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NBN to limit maintenance during coronavirus network surge

Government-owned wholesaler yet to set contingency plans in stone.
Written by Chris Duckett, Contributor

Two charismatic gentlemen: Minister Paul Fletcher and NBN CEO Stephen Rue

Image: Chris Duckett/ZDNet

NBN said on Monday evening that it would limit the amount of maintenance it would do on its network as the company expects a surge in usage due to higher numbers of people staying home during work hours. To this end, it is limiting "non-essential maintenance to minimise scheduled, planned outages in the weeks ahead" to keep the network available.

The company said it saw a 5% increase on network traffic on Saturday, compared to the prior week, and noted its usual workday hours traffic is half of its 9 pm peak.

Earlier on Monday, Telstra said it was giving all of its home broadband customers unlimited data until the end of April, across its NBN, ADSL, and cable customers, as Shadow Minister for Communications Michelle Rowland said NBN should provide pricing relief to Australian telcos.

"The NBN already supports significant peak hour data consumption, and for the time being, the capacity purchased by retail providers appears to be appropriate to meet these demands," Rowland said.

"However, if peak demand overtakes capacity, this may present telecommunications providers with a decision to either incur greater costs or to tolerate greater levels of NBN speed congestion.

"Labor considers these unique circumstances do lend themselves towards NBNCo providing retail providers with temporary and targeted capacity relief should these circumstances arise over the COVID-19 period."

In its statement, NBN said retailers should continue to normally purchase capacity on the network.

"NBN Co is well-advanced with its contingency plans and will incrementally increase its data capacity allocation to retailers to accommodate the expected growth in residential data demand," the company said.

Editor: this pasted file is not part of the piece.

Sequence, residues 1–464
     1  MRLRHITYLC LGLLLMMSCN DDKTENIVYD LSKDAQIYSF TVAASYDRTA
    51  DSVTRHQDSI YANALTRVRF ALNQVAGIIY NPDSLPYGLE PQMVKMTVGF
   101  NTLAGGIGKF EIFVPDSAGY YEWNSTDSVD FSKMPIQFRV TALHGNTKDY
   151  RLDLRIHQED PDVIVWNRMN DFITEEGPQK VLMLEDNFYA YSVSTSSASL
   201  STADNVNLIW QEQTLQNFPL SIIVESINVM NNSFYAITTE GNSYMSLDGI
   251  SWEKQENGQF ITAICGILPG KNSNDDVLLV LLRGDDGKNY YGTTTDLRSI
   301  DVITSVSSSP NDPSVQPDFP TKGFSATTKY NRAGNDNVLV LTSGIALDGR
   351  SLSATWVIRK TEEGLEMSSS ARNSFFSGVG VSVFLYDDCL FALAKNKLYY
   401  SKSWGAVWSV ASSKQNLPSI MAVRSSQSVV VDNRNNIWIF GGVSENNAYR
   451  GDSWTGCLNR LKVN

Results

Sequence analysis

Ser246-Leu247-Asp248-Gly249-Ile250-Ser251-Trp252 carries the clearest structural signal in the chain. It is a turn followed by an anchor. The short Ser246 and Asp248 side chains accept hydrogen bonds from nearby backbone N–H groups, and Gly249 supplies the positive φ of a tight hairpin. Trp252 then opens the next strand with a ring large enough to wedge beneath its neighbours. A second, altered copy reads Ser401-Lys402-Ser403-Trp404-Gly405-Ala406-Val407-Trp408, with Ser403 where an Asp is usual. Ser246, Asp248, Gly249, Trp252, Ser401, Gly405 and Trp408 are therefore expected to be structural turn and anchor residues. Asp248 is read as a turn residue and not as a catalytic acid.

NBN CEO Stephen Rue said the company had the backing of its government owners to do "everything possible" to optimise NBN to support the expected jump in consumer usage.

"In terms of the expected requests for additional CVC capacity, we will work with the industry to find the best solution. Clearly we all need to play our part," Rue said.

Chief customer officer at NBN, Brad Whitcomb, said the quiet part loud, when he pointed out NBN plans are geared to favour download speeds, rather than upload speeds needed for working remotely.

"When it comes to working from home you may have a greater need for uploading large files or joining Skype calls, so speak with your internet retailer to make sure your plan has the upload speeds you need to work from home," he said.

Also on Monday, a roundtable of Australian telcos agreed to create a working group to share information related to COVID-19, Communications Minister Paul Fletcher said, who added that Italy had seen a 26% increase in fixed line traffic.

Retailer Aussie Broadband said it was moving to exclude data used between 6 am to 6 pm from any data caps that users may have, would temporarily stop any service suspensions due to late payments, and was looking to shift its remaining 12/1Mbps customers onto a 25/5Mbps plan.

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